Cars Ferrari F355 Spider review: Retro Road Test
Austria start, without fans, 'feasible' for F1
Starting the season with a behind-closed-doors race in Austria is "absolutely feasible", said Christian Horner on the Sky F1 vodcast.Horner, along with McLaren driver Carlos Sainz, joined Jenson Button, Ted Kravitz and Simon Lazenby for a chat on all-things F1 - and in particular when and how the season could start, with the first nine races of 2020 already called off due to coronavirus.
There’s no such thing as a cheap Ferrari, but the F355 is – whisper it – a bit of a bargain. It’s around a third of the price of a new , for starters.
And while it does, admittedly, offer little more than half the power (380hp vs. 720hp), it certainly isn’t half the car. Not by, um, half.
Launched in 1994, the F355 was the shot in the arm Ferrari needed. Itswas derivative, dynamically deficient and, according to many road testers, inferior to Honda’s much cheaper NSX.
Maranello needed to up its game, and did so with svelte styling, F1-inspired aero and a red-blooded V8.
Leclerc: Drivers will find it tough to return to F1 "bubble"
Charles Leclerc thinks it will be hard for Formula 1 drivers to get back in to the mental ‘bubble’ they need to perform at their best when racing eventually resumes. F1 bosses are still unsure about when the first race of the season can take place because of the coronavirus pandemic, but there are hopes that the season can get going in July or August if travel restrictions are lifted.The lack of events until then means drivers could face up to five months away from both track action and working closely with their teams, before being thrown back in to what could be an intensive campaign. When asked by Motorsport.
Let’s dwell on that engine for a moment. It develops 109hp per litre, the highest specific output of any car at the time.
And because it’s naturally-aspirated, there’s no pause for a turbo to spool-up – just instant response and linear acceleration, all the way to a stratospheric 8,500rpm.
The car I’m driving today is a 355 F1 Spider: ‘F1’ because it has Ferrari’s ground-breaking semi-automatic gearbox and ‘Spider’ because, well, it’s a drop-top.
Shame the heavens above Blenheim Palace have just opened.
Not that owner David Bagley is worried. As one half of the team behind– an exclusive classic and supercar show held each summer at Blenheim – David is no stranger to exotic metal.
F1 hopes to start season with double-header in Austria
PARIS (AP) Formula One hopes to finally start the season with a double-header in the naturally isolated environment around the venue for the Austrian Grand Prix. Brawn says this is a real consideration so long as iron-tight safety regulations are met. (AP Photo/Darron Cummings, File) PARIS (AP) Formula One hopes to finally start the season with a double-header in the naturally isolated environment around the venu Despite the first 10 races having been canceled or postponed because of the coronavirus pandemic, the targeted start date is July 5 in Austria.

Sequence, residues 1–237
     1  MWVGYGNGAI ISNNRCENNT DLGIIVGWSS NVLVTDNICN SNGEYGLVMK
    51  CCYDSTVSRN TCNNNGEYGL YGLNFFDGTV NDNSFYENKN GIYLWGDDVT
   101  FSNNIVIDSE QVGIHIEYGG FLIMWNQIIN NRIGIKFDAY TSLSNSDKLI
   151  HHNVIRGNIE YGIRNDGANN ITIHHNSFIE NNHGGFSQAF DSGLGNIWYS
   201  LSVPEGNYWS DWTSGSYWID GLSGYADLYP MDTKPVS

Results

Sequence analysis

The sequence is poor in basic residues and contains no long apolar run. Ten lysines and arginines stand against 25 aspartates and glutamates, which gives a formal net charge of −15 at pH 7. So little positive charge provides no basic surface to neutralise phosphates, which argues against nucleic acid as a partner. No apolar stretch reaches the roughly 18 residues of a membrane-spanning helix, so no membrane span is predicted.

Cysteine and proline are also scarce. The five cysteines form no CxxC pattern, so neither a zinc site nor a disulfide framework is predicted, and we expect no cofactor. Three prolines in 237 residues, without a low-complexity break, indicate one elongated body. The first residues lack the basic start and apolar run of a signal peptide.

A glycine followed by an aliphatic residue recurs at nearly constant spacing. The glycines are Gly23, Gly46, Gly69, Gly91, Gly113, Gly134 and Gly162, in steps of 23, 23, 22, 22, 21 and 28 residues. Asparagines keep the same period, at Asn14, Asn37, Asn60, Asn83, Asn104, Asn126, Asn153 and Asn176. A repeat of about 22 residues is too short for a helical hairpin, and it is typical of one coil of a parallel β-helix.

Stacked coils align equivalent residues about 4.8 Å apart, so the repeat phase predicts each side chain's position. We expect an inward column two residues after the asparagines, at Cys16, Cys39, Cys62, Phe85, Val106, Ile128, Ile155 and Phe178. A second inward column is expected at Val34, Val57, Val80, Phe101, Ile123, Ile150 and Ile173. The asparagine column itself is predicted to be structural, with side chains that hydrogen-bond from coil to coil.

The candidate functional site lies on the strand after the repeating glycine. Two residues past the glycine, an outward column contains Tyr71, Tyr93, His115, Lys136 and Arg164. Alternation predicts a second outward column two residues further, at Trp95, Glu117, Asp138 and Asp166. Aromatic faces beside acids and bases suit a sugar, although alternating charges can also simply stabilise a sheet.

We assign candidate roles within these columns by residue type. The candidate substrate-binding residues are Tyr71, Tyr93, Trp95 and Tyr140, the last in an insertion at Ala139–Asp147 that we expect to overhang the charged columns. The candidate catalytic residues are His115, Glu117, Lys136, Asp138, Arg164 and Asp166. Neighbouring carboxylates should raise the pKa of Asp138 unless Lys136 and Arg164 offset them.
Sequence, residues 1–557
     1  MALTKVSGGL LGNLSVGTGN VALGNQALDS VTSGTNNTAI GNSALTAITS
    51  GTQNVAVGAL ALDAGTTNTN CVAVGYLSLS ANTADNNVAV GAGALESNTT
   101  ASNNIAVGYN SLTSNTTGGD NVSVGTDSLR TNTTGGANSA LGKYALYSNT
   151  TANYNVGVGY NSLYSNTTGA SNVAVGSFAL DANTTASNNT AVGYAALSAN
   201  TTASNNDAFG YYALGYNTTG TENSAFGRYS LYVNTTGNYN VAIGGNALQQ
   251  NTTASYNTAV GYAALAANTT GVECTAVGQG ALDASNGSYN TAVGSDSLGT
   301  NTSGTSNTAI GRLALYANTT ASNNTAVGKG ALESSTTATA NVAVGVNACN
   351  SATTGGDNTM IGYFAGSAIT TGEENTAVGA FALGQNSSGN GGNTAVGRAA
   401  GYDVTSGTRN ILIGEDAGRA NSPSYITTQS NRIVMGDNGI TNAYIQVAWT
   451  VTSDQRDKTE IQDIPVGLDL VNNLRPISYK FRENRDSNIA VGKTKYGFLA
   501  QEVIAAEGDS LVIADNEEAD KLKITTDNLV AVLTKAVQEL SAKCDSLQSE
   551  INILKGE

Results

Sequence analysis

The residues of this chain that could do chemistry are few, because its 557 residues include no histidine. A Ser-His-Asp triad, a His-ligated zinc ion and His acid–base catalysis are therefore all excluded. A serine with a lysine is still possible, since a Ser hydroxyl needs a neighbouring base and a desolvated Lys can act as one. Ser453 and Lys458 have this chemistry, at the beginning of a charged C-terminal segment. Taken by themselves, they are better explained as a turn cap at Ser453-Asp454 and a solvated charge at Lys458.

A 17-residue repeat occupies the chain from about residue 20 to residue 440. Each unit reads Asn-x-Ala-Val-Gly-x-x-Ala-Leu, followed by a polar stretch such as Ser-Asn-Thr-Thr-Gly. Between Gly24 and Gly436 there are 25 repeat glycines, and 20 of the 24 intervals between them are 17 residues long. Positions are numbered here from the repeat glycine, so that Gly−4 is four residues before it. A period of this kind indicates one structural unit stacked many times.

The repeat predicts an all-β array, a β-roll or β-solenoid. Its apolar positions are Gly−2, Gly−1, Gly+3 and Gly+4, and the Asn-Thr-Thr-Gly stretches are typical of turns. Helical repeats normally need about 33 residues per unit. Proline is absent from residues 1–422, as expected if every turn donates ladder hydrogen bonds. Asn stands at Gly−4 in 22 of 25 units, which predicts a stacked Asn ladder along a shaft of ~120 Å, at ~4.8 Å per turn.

Nonetheless, the F355 has a special place in his heart: “It was on my bedroom wall as a kid – I’ve always wanted one,” he explains. “And it took me a long time to afford one, so this car’s a keeper.”
Next up: Ferrari 355 F1 Spider.
I’ve been looking forward to this since I was about… ooh, 15 years old.
— Tim Pitt (@timpitt100)
Driving David’s pride and joy on rain-soaked roads initially seems a daunting task. Lest we forget, this is a 20-year-old car with no electronic safety aids. Yet the Ferrari feels so intuitive and immediate that I quickly build confidence.
Its ride is surprisingly supple, its hydraulic power steering just sublime. And its compact size means you can blast along narrow country lanes where newer, wider supercars – F8 Tributo included – fear to tread.
The F1 ‘flappy paddle’ transmission is more of an acquired taste. It’s clunky in traffic, but improves the faster you go – culminating in savage, foot-to-the-floor upshifts in Sport mode.
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Most buyers still prefer Ferrari’s iconic open-gate self-shifter: a fact reflected in five-figure price differences for. But don’t write-off the F1 ’box, especially if you regularly drive in the city.
As the clouds clear and the tarmac dries, we reach a quiet A-road: time to stretch this prancing horse’s legs. With a modest 268lb ft of torque, the Ferrari’s flat-plane-crank V8 doesn’t fully come alive until 5,000rpm.
Then, show pony turns to stallion, as hedgerows become a blur in an intoxicating, head-spinning rush for the redline.
And the noise! Drive it with brio and the 355 howls with the hard-edged intensity of a racer – a mechanical cacophony amplified further in David’s car by a freer-flowing Capristo exhaust.
It’s feral, ferocious and borderline anti-social, just as you’d hope.
Keep thinking about the 355 I drove yesterday – really got under my skin. Definitely a new entry for the dream garage.
— Tim Pitt (@timpitt100)
Ironically, the car the Ferrari most reminds me of is the. The 355 is faster and ultimately more exciting, but both offer a focused and gloriously analogue experience that today’s turbocharged, tech-heavy supercars struggle to match.
Even after 15 years in motoring journalism, the 355 F1 Spider ranks as one of my all-time great drives. I’d have one in a heartbeat.
Prices start at around £60,000, rising to around £100,000+ for the best, low-mileage cars. But you’d better hurry: this classic Ferrari won’t be a bargain for long.
PRICE: From £60,000
0-60MPH: 4.6 secs
TOP SPEED: 183mph
CO2 G/KM: N/A
MPG COMBINED: 17mpg
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